Law Street Media

Mass. Accuses Scrap Metal Facility of Releasing Lead Into Stormwater

A scientist examining toxic waste in water.

Scientist examining toxic water samples

The Commonwealth of Massachusetts filed an environmental lawsuit in the District of Massachusetts on Wednesday alleging that Kane Scrap Iron & Metal, Inc., a business located in Chicopee, Mass. was releasing lead and pollutants from its facilities into the city’s storm drain system, far in excess of allowable levels. 

Reportedly, stormwater that has been exposed to Kane’s scrap metal facility “contains excessive amounts of lead, zinc, aluminum, iron, copper, chemical oxygen demand, and total suspended solids.” The state purported that Kane has not been monitoring stormwater discharges and it has not taken the necessary samples of stormwater. In the samples that the company did take, the complaint said the samples showed concentrations of the pollutants which were “many times higher” than the standards set by the Environmental Protection Agency (EPA). 

The complaint said that in 2019 the company’s stormwater discharges exceeded the lead benchmark by 609 percent and the zinc benchmark by 1020 percent. The state purported that the defendant’s “failure to take adequate corrective action to eliminate these excessive pollutant discharges and to otherwise properly control and monitor the quality of its stormwater” is a violation of the Clean Water Act (CWA) and the stormwater permit issued to the company by the EPA.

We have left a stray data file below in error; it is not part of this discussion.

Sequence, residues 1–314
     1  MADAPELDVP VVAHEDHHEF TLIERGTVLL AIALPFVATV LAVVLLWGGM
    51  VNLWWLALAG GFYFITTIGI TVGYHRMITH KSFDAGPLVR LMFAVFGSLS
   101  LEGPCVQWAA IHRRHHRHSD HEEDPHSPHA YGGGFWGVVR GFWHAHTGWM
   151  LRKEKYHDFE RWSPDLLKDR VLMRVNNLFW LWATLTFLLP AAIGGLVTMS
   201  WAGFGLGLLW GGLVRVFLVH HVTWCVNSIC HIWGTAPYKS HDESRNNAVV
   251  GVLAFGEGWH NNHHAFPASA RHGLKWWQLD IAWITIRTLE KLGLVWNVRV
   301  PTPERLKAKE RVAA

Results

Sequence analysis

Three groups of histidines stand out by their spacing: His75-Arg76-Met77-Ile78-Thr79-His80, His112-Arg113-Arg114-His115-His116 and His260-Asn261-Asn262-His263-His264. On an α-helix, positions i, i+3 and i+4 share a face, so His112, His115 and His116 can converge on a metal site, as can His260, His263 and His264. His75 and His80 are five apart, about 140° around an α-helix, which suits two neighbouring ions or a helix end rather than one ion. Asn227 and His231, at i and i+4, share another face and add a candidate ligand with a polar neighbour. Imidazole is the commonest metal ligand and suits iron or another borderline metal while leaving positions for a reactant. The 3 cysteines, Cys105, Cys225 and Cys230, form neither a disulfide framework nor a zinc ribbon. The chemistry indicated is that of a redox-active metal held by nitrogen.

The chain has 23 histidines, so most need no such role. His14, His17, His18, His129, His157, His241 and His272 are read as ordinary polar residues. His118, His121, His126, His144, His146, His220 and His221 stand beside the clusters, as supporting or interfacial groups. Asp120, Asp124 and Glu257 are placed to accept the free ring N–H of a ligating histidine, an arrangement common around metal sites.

Kane’s facility is reportedly between four and five acres; the facility has scrap metals that are stored outdoors and raw materials, waste materials, and processed materials are transported around the facility, which the complaint said are, through ordinary actions of the company, scattered around the facility. The complaint contained photos showing piles of metal throughout the facility that contaminated the stormwater. 

Massachusetts claimed that this action by Kane, which allows heavy metals to enter water runoff, poses a threat to aquatic ecosystems and to human health. The state, represented by its attorney general’s office, asked the district court to require Kane to pay up to $37,500 per day that it violated the CWA before November 2, 2015, and $53,484 for each day after that date. They also asked for the defendant to be required to comply with its permit and restore the environmental quality of areas that have been damaged by its purported behaviors. 

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